ing God’s will, but also that as a result of your striving, you will be satisfied. Second, believing Jesus is going to solve all your problems is not helpful to you or to others who are truly struggling. Often this means you elevate your desire to cling to a flawed belief above others’ needs. I once overheard a conversation between several women after a church service, discussing a mutual friend and church member whose parents had just been killed in a tragic motorcycle accident. One of the women commented that the group of friends needed to ensure that the tragedy did not cause the bereaved friend to turn her back on faith (read: the church). Another woman kindly but firmly interjected that supporting the grieving friend should be their priority. Jesus’ first concern was—and ours should be—people, not maintaining an image. A third danger in living this lie is that it misrepresents Christianity to unbelievers. Acting out the distortion perpetuates the fallacy that Dan Allender and Tremper Longman pinpoint in The Cry of the Soul: Christian circles act as though “you are godly if you can handle difficult trials with a detached and apparently unruffled confidence.” If others believe your act, they do not think they can become Christians, because they could never be as stable and peaceful as you seem to be. If they do not believe your act, they label you a hypocrite. Or they believe your act and decide to become a Christian, then go through the same process of disillusionment you are now experiencing. Choice #2: Accept the Lie, Condemn Yourself You believe the fulfillment ideology is true. After all, Romans 8:28 says that “God works for the good of those who love him, who have been called according to his purpose,” and you have heard the verse quoted in sermons as proof that things will work out for you as long as you are faithful. By your standards, however, things are not working out, which means there must be something wrong with you. You are either doing something wrong or something about you is intrinsically wrong. Other Christians are doing just fine, so why has God not fixed you yet? However, the fact that there is something uniquely wrong with you is shameful and strange, so you hide it. You act the part and put on the perpetual smile that you believe comes by other Christians naturally. I spent years on this path, nodding at the right times, giving the expected answers, and following the rules, all the while secretly “knowing” I was unfit. The pretense was the equivalent of a slow spiritual and emotional death. If you choose this reaction to the lie, you will probably become depressed or so frustrated and despondent you move on to choice #3. Choice #3: Reject the Lie, Reject Faith This reaction is all too common. Failing to find a way to reconcile the church’s teaching with your experiences, you leave your church and eventually your Christian faith altogether. Likely you will seek a faith system or a way of living that acknowledges pain and suffering and seeks healing. Your new life may not satisfy either, but at least you have escaped the disequilibrium for the time being. As one young woman confided after choosing to abandon her Christian faith, “I’m not happy without God, but I am relieved of the dissonance between church and reality.” Choice #4: Reject the Lie, but Tell the Truth As I realize the dangers inherent in the lie, I am saddened by its impact while at the same time ashamed at how often I have perpetuated this false promise for earthly bliss. There is no easy fix; if I pretended there were, I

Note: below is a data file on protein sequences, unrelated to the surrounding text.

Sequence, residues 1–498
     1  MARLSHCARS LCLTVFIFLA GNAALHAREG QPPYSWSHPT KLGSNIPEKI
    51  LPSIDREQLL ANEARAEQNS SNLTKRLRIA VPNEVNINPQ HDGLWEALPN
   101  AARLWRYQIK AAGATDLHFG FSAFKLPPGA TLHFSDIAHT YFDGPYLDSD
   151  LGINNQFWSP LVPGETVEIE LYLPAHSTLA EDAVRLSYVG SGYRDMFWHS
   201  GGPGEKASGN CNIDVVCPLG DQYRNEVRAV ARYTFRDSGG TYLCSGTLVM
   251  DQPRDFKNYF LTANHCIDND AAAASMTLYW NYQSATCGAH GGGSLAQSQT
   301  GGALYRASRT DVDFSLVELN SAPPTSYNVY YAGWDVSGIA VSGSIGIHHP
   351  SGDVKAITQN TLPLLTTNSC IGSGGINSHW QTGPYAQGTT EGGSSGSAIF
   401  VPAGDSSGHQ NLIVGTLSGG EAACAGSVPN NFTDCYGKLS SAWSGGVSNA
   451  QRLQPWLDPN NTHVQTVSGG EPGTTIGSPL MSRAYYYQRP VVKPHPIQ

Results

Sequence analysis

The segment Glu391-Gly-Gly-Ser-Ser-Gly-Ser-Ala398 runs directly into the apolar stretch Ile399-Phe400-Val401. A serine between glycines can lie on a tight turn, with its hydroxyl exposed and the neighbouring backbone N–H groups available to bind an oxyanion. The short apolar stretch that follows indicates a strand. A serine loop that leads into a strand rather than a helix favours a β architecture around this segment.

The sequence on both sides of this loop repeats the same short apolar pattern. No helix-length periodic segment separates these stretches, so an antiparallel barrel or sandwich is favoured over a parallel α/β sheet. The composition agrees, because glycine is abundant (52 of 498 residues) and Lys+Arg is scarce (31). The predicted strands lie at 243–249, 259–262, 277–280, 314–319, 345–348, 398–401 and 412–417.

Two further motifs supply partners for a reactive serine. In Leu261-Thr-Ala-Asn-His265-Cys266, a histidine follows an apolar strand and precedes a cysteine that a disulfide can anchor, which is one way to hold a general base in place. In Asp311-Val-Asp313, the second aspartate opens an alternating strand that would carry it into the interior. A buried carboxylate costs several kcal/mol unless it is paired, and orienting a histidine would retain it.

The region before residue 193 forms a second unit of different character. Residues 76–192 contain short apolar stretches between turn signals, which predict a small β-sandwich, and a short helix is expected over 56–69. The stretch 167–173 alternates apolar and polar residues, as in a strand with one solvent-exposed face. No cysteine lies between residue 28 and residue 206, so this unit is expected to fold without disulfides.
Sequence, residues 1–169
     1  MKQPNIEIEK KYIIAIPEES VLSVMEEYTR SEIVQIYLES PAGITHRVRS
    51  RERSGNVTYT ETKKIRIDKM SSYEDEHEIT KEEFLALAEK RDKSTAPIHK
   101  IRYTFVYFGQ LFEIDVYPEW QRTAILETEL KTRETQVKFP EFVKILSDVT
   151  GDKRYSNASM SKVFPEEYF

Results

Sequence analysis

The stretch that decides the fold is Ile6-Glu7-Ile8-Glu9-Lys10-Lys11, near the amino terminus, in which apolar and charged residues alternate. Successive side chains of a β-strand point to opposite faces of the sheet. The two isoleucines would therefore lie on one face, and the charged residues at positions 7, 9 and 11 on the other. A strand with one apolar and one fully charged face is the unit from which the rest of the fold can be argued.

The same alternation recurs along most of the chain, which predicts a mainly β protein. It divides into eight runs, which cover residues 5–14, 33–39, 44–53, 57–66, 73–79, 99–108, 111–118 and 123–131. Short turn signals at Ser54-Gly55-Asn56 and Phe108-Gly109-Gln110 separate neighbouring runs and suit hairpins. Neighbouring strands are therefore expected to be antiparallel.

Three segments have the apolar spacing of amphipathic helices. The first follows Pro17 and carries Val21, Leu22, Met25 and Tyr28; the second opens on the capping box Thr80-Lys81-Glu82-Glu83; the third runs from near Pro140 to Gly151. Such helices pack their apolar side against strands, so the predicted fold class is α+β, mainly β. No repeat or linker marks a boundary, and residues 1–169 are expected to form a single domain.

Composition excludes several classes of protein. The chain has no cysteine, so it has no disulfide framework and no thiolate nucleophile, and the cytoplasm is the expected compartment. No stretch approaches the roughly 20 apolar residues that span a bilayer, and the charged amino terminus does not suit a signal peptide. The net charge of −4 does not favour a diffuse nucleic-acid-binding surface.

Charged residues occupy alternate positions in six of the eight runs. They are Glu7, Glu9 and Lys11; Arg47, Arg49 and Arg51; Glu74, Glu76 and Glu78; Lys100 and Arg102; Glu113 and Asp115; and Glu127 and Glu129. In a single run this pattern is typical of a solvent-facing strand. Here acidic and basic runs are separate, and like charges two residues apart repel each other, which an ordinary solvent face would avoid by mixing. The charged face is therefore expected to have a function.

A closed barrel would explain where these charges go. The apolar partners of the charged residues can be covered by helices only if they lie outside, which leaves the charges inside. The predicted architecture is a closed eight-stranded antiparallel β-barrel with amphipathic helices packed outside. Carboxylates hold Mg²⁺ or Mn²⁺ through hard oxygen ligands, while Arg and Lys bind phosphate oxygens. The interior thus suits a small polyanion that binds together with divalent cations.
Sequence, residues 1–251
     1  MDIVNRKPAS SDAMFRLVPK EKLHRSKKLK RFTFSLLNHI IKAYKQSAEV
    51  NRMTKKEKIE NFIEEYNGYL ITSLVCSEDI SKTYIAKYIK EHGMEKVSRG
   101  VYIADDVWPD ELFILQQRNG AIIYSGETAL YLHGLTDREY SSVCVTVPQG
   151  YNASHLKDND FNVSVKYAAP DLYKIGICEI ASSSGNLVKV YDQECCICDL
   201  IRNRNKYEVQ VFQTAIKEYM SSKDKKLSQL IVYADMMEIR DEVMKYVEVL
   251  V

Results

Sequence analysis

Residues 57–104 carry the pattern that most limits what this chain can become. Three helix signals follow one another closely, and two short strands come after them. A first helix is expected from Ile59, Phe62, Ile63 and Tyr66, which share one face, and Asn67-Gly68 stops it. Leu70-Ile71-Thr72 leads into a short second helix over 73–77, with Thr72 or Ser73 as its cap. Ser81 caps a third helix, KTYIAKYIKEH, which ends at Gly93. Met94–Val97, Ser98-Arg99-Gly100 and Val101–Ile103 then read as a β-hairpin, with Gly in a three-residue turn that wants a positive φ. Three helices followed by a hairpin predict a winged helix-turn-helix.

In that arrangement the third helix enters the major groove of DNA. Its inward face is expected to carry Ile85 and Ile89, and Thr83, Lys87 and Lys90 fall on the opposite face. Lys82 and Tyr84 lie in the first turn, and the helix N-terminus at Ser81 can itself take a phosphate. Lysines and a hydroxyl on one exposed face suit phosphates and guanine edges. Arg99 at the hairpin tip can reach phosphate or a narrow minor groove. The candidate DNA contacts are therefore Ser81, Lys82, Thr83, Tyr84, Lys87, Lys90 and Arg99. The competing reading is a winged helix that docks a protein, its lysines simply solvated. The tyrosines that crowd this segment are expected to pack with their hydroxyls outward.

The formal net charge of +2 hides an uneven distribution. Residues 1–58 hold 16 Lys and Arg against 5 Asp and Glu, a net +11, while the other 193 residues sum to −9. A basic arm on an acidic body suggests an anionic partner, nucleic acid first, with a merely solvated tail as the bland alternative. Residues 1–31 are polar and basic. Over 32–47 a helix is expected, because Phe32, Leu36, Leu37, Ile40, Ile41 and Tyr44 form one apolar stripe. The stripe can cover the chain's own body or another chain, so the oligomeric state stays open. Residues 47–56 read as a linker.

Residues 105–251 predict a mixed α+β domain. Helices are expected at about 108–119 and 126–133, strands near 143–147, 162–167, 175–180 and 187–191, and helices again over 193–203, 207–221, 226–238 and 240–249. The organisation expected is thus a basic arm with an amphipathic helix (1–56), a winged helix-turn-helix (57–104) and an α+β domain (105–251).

would be replacing one lie with another. Life is messy, so there is no “neat” solution. However, there is a place to start in dispelling this lie: Tell the truth. The truth is that we are broken people. We struggle, we sin, and we encounter trial. I heard Shane Claiborne say that the world is not waiting for the church to be perfect; the world is waiting for the church to be honest. With other Christians, we need to enter into genuine relationships that share our faults, feelings, and questions in an atmosphere of caring, not judgment. Before unbelievers, we need to expose ourselves as the ones who are broken and desperate. In The Reason for God, Tim Keller explains that God shows us grace and does not require us to be clean in order to come to him. As such, we can expect the church to “be filled with immature and broken people who still have a long way to go emotionally, morally, and spiritually.” In contrast, so many people believe they cannot be Christians because they are not “good” enough. How have we managed to encourage that belief when Jesus’ first disciples were unschooled fishermen and tax collectors? The truth is that the Bible showcases broken people. We can look to major biblical figures and recognize, not brush over, the ugly parts of their stories. The Old Testament, full of scandal and terribly dysfunctional families, paints a picture far from heartwarming and perfect. The story of Judah’s daughter-in-law, Tamar, serves as an example. Tamar’s husband, Judah’s eldest son, dies. God kills Judah’s second son for shirking his responsibility to produce an heir with Tamar. Fearing for his remaining son’s life, Judah does not fulfill his obligation to give his youngest to Tamar in marriage. Left with no other options to produce an heir and thus no way to provide for her own security, she disguises herself as a prostitute and seduces Judah himself. As a result, she conceives. Realizing what has happened and acknowledging he has denied Tamar her right, Judah declares Tamar “more righteous” than he. Tamar gives birth to twins, one of whom is in Matthew’s genealogy of Christ (along with Rahab the prostitute, Ruth the foreigner, and Bathsheba, the woman with whom David committed adultery while making sure her husband was killed). We rarely hear these stories through an honest lens, but we need to encourage one another with the truth: God’s family is and always has been full of people like us—broken and longing for more. The most beautiful truth is that God knows we are broken people, and he accepts us in that state. He never promises he will completely fix us or that we will arrive at a plateau of peace and satisfaction on this side of heaven. As Miller explains in A Million Miles in a Thousand Years, while Jesus can and will make things better, he is not “going to make things perfect… not here and not now.” Jesus guarantees his disciples that they will encounter trials (John 16:33), but also encourages them with the knowledge that he has overcome the world and sends his Spirit to guide them. Paul offers further comfort, reminding the Roman church that Christ intercedes for their justification and there is no power or created thing in heaven or on earth that can separate Christ’s followers from his love (Romans 8). Communicating these truths about brokenness is the only way to act against the lie that becoming a Christian leads you to unwavering emotional satisfaction. There are believers already taking powerful steps towards that end. Dan Haseltine, lead vocalist of the contemporary Christian band Jars of Clay, recently posted a bold message on his blog declaring his latest record to be his “self-imposed eviction notice from a religious community that is unfit to live in.” He explains that his newest record reflects his band’s experiences of what life around them is really like. He predicts that the evangelical community will not be able to accept the band’s new focus on themes of love, pain, loneliness, and hope, but